The other way you can fix this error message is only possible if your WordPress hosting uses cPanel. It’ll also let you access the root directory of your website and delete the file through cPanel’s file management system.

To do this:

  • ☑️Log into cPanel
  • ☑️Navigate to “Select file manager”. It should be under the “Files” section of cPanel
  • ☑️Click on the name of your website and look for the .maintenance file.
  • ☑️It should be within the “public-html” folder as mentioned above
  • ☑️Then right-click on the file and click “delete” just like you did with the other method

Go back to your WordPress website and refresh. If you can’t find the .maintenance file using the cPanel method, you should instead look for a file called “wp-activate.php”. Open this file and look for code that says, “WP_INSTALLING”.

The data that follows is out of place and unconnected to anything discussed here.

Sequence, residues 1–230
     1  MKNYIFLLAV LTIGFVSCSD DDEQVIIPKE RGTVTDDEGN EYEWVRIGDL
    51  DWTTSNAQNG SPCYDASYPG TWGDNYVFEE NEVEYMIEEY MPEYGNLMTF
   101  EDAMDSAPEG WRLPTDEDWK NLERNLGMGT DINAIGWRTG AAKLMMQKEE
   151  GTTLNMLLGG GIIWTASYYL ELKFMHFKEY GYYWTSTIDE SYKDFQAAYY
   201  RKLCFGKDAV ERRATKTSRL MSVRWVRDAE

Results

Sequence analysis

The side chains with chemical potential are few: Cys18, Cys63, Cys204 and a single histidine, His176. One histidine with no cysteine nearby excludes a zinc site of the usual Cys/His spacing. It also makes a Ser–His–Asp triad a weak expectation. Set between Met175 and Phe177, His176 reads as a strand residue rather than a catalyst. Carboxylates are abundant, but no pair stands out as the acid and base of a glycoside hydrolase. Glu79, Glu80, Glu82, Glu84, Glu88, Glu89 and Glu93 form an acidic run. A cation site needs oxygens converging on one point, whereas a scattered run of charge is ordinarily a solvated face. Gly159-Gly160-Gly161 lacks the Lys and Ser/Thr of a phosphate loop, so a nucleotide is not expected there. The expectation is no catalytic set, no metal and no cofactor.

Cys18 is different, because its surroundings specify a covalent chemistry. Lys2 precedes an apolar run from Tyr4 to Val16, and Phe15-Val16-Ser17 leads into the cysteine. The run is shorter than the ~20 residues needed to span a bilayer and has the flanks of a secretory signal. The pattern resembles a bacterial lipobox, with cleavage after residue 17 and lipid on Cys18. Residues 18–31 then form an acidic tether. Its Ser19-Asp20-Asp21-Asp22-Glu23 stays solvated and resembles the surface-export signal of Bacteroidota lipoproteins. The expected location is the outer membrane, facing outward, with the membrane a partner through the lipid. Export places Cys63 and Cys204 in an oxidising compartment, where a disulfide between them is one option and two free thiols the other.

Once you find this code, change its value from “true” to “false”. The resulting code should look like this: define( ‘WP_INSTALLING’, false );.

Then save the file. Refresh your WordPress site and see if the error message is gone.

Wrap Up

In the end, this common error is something that practically all WordPress website users have to deal with from time to time. Fortunately, the above two tricks should take care of the error message every time it pops up and let you fix your update process whenever it comes back to haunt your site again.

What if neither of these methods worked? You may need to contact WordPress’s customer support team. They can dig deeper into your website and try to determine whether there’s a problem on their end with the update process or if there is another trick you can use.